"Justice For Janitors"- Or Jobs For Americans?
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A fascinating drama, entitled "Jobs Americans Won't Do?" is currently playing out in Miami.

Here's the cast:

  • UNICCO Service Company, a privately-held facilities services company to which UM subcontracts its custodial and maintenance needs. UNICCO has 18,000 employees and in 2005 generated $700 million in revenues.

  • UM professors like Professor of Law Richard Michael Fischl who support the workers and their right to organize. Other sympathetic faculty moved their classes off campus so their students will not have to cross picket lines.

From a journalist's point of view, this story is as good as it gets—a tale so juicy and with so many angles and delusional cast members that I could feast off it for the next six columns.

And maybe I will.

But for today, let's try to hone in on the key element of the conflict from the VDARE.COM perspective.

Here we have several hundred maintenance workers, many of who are clearly in the U.S. illegally yet are working at a prestigious university surrounded by well-educated teachers and intelligent students.

(How do I know they're illegal? Read the picket signs written in Spanish. Then ask yourself who else would accept the low wages and non-existent benefits.)

Yet to only a small handful has it occurred that the workers should be deported instead of given raises, the power to unionize or, perhaps worst of all, an indirect voice in Congress.

Central to any awakening by the masses, of course, would have to be the understanding that custodial work is not the exclusive domain of illegal aliens.

To say or suggest that no American, assuming he were paid a living wage, wants to work on the support staff at the UM in Coral Gables, Florida is preposterous. Let's remember that more than 12 million Americans are either unemployed or underemployed.

Custodial work is a job that Americans can and will do.

For example, in my teaching job for the Lodi Unified School District, in California's San Joaquin Valley, my classes are held at two different campuses.

Employed at the two sites are four custodians: three are native born Caucasians and one a legal resident from Cambodia.

The four are paid approximately $15 an hour with a comprehensive benefits package.

Although illegal aliens are abundant in my neck of the woods, the school district maintains a rigid hiring policy.

As new schools are built and custodial positions come open, they are highly coveted.

In contrast, the UM campus is awash in misinformation, both current and historical.

  • First, as recently as two decades ago, janitorial work was a solid middle class job. In the early 1980s, janitors in downtown Los Angeles, through the efforts of their union, won excellent wage and benefits packages. Janitorial positions also served as stepping-stones to better jobs. But by the mid-1980s, with an abundance of illegal aliens suddenly available, non-union firms (similar to UNICCO) hired immigrants at half the wage and under-bid the union shops. This pattern has continued in several industries for over twenty years.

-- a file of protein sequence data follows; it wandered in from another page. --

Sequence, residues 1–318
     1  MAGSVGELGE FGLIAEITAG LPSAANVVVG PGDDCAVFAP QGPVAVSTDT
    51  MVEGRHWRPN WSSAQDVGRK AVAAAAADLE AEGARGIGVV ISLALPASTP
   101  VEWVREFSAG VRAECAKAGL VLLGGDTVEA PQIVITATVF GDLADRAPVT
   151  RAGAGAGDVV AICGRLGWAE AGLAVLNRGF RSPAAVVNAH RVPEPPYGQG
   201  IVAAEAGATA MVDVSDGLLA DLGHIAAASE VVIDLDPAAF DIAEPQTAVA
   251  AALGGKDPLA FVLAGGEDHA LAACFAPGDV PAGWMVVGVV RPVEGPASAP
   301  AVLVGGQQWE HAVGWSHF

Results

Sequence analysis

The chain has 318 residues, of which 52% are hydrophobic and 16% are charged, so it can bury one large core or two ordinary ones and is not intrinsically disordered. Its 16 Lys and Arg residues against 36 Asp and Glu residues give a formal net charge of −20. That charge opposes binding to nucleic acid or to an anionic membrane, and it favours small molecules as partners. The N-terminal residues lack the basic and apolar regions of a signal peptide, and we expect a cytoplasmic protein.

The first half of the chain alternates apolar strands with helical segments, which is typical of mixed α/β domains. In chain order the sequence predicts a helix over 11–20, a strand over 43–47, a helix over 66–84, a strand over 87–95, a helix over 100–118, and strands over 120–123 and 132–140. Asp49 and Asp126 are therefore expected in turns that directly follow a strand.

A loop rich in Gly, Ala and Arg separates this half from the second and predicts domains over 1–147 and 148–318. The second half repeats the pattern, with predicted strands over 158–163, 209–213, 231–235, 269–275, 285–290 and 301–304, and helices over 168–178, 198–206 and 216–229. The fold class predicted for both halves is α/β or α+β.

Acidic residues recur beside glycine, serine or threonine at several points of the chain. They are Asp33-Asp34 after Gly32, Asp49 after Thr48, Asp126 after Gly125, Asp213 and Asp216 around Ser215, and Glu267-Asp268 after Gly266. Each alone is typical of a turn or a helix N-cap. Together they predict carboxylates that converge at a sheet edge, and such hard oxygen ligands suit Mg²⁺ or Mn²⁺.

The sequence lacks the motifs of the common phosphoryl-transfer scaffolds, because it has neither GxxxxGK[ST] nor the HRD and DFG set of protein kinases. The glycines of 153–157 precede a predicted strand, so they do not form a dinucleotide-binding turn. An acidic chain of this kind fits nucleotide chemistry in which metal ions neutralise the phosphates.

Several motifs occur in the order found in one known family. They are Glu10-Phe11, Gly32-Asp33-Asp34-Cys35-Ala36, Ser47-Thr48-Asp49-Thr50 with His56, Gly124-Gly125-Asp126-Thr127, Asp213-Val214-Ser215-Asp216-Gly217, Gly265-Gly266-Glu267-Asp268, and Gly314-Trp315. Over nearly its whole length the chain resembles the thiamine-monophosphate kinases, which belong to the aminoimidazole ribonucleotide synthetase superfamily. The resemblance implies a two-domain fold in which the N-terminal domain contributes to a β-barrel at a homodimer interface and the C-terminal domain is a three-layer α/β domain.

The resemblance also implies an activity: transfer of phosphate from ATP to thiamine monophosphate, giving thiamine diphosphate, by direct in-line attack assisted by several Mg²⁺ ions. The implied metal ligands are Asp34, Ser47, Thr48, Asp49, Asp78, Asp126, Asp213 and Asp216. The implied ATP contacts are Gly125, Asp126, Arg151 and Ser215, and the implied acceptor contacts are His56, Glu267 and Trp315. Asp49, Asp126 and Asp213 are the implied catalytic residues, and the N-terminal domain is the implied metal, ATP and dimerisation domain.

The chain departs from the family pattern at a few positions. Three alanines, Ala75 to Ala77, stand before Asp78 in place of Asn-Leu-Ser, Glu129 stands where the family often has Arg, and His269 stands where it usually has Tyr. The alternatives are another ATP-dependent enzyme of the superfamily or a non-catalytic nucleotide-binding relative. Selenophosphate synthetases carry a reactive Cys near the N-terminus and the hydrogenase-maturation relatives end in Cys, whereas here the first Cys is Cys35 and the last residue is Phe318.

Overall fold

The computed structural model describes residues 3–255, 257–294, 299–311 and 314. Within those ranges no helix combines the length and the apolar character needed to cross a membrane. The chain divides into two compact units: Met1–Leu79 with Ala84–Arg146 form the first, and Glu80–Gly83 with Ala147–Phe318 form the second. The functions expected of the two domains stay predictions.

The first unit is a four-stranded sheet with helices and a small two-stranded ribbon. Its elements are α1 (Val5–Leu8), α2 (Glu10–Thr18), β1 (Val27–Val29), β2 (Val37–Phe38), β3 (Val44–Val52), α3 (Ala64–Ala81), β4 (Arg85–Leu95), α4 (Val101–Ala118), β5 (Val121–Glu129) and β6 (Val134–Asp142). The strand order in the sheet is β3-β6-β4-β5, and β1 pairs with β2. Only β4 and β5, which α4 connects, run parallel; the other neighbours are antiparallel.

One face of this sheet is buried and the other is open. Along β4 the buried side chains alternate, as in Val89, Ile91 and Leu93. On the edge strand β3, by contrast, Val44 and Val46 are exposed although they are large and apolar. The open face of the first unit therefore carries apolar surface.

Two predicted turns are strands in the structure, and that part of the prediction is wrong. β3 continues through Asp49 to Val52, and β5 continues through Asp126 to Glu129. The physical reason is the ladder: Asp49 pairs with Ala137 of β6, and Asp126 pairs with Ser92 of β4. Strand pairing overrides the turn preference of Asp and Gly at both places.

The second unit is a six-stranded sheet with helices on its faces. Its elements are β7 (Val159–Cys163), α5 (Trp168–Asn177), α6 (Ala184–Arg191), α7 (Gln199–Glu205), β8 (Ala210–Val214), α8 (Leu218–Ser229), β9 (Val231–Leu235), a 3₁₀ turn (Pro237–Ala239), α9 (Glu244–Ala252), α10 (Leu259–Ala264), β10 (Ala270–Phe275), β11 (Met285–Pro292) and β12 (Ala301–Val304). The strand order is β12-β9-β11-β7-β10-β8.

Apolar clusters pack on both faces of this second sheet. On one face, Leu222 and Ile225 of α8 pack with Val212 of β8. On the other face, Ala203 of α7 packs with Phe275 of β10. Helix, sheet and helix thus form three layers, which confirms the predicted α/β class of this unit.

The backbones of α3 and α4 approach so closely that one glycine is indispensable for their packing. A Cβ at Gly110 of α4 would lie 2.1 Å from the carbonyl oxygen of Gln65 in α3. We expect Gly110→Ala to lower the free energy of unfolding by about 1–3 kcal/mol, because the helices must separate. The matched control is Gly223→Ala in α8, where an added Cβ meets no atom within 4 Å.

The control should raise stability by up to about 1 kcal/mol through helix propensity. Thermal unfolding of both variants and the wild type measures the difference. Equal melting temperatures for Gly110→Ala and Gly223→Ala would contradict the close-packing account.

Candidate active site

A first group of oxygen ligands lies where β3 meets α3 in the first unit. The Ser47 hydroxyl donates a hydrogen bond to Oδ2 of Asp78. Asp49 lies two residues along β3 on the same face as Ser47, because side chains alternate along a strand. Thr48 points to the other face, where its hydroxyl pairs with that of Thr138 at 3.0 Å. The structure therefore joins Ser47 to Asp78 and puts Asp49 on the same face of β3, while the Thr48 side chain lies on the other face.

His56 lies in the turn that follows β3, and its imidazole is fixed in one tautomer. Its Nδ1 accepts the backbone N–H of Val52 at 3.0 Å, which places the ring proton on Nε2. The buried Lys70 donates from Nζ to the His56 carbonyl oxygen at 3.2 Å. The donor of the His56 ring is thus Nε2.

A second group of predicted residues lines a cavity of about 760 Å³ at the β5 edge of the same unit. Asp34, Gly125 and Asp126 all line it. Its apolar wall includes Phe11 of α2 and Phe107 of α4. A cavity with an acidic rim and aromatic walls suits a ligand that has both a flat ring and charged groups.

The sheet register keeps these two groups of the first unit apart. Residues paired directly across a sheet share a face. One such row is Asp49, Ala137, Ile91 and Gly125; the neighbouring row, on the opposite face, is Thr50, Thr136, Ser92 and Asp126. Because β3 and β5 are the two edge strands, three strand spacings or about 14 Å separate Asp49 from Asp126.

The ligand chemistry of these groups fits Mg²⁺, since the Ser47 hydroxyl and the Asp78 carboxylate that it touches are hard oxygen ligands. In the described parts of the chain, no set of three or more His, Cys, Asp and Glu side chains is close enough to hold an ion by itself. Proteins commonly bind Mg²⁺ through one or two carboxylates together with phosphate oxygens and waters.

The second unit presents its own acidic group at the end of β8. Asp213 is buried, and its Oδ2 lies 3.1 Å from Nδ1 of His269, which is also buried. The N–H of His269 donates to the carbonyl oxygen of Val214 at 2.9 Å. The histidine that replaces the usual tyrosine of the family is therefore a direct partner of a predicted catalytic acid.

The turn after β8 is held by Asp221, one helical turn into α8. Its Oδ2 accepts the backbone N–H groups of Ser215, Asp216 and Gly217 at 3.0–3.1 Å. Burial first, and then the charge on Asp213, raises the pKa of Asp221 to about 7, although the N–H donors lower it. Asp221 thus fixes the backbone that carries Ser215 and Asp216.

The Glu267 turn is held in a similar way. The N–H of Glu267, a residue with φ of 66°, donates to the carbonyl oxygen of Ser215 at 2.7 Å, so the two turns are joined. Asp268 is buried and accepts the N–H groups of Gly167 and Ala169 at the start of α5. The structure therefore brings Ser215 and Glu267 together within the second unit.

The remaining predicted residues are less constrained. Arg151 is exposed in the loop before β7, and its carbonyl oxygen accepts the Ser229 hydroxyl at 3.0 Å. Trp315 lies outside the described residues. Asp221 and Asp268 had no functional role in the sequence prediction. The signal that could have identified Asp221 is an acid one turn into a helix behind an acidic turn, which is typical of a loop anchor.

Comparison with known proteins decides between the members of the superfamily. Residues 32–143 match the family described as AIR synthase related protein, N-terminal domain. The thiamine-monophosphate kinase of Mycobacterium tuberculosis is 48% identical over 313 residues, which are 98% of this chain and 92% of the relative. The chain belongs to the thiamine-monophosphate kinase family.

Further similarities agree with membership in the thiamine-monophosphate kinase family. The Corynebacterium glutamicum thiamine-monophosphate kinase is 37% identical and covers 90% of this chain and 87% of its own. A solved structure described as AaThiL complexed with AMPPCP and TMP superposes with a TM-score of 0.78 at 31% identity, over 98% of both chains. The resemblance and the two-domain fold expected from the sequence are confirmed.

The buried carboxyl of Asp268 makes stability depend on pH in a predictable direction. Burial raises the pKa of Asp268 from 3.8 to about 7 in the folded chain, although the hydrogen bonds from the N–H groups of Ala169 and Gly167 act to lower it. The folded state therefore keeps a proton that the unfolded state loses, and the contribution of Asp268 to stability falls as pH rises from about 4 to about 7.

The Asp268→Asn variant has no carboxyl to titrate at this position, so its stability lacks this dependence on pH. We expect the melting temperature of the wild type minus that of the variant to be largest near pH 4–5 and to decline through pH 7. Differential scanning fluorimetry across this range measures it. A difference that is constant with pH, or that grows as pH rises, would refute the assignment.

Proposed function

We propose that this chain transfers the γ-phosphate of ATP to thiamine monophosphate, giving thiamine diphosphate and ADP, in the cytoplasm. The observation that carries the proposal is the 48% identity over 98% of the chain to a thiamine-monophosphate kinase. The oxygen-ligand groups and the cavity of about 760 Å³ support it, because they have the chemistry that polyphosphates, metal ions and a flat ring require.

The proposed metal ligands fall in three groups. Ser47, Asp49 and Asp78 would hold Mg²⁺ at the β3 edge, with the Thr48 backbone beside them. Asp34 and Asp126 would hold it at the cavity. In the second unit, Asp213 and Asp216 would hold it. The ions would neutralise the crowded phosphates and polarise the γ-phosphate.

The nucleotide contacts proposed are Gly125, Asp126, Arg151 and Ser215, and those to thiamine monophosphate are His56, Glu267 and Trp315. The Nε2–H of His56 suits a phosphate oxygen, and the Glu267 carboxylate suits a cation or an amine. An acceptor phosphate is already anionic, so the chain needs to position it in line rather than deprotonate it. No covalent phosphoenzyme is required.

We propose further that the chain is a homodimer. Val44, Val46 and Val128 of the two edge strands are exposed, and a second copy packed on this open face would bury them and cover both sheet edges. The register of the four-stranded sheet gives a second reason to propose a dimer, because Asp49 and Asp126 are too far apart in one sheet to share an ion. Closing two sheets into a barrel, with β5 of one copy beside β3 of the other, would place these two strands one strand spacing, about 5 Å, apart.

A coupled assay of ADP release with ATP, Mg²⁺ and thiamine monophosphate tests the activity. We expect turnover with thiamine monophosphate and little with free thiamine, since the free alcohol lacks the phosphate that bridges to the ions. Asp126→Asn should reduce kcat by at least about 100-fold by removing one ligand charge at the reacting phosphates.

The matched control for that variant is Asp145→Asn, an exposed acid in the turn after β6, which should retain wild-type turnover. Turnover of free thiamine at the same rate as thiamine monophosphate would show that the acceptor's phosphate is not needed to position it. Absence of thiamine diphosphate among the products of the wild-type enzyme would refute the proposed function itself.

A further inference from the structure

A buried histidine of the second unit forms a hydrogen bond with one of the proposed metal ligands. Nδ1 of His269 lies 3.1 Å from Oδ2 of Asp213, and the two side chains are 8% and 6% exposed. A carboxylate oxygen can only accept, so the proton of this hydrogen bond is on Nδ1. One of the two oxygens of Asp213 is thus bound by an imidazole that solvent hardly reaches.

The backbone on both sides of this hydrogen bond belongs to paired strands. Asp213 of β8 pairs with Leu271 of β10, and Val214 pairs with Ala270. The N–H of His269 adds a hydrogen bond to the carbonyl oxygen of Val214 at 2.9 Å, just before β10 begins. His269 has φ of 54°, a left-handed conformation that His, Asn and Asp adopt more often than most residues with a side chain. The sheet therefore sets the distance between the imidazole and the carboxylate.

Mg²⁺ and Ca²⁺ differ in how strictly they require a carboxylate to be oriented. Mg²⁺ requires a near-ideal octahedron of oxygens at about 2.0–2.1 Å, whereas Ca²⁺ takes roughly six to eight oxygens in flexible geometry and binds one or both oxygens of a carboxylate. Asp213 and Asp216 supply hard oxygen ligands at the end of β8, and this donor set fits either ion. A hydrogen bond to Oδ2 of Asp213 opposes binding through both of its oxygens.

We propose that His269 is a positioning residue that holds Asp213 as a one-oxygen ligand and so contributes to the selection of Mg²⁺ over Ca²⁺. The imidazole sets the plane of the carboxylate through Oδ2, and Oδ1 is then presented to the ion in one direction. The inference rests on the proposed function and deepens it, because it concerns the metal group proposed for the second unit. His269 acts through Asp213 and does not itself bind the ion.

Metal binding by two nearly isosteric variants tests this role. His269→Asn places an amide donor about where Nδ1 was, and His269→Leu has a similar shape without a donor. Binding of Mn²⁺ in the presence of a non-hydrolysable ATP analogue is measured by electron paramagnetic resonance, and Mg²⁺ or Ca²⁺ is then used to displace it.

(For more information read Roy Beck's book, The Case Against Immigration, and the 1988 Government Accounting Office Report, "Illegal Aliens: Influence of Illegal Workers on Wages and Working Conditions of Legal Workers."[Not online]

  • Second, a janitor's job, on the scale of one to 10 of blue-collar positions, ranks somewhere in the middle. The work is not glamorous but neither is it backbreaking. Custodians are not tied to a desk. At UM, I assume now and then they are outside in the gentle tropical breezes.

  • Third, despite media protestations that the janitors work tirelessly and are woefully underpaid, at least a few on the crew do less than a butt-busting job. This observation by Sarah Baird was posted in a Miami Herald forum about the strike:

"As a UM student, I have seen the quality of work from some of these workers, including chatting with each other for long periods of time, napping in student lounges and talking on their cell phones while obviously on the clock."[Readers Debate Column on Shalala, UM Janitors, Miami Herald, March 3, 2006]

Check out the aliens' implicit game plan.

They shut Americans out by working for peanuts. Then when the job is theirs, they decide that they can't live on the wages they originally agreed to. The result: they strike for a salary that would have attracted Americans in the first place.

As the strike enters its second week, the workers remain obdurate, UNICCO claims no guilt and UM disingenuously promises a comprehensive analysis of the conflict.

But the most pressing element of the debate remains unspoken.

These workers are illegal. They should not be here.

Donna Shalala [email her] could resolve her headache the same way as the Lodi School District: disassociate immediately from UNICCO—and hire American. [VDARE.COM note: readers report bounces from Shalala's UM address - try [email protected] or click here for more.]

Joe Guzzardi [email him], an instructor in English at the Lodi Adult School, has been writing a weekly newspaper column since 1988. This column is exclusive to VDARE.COM.

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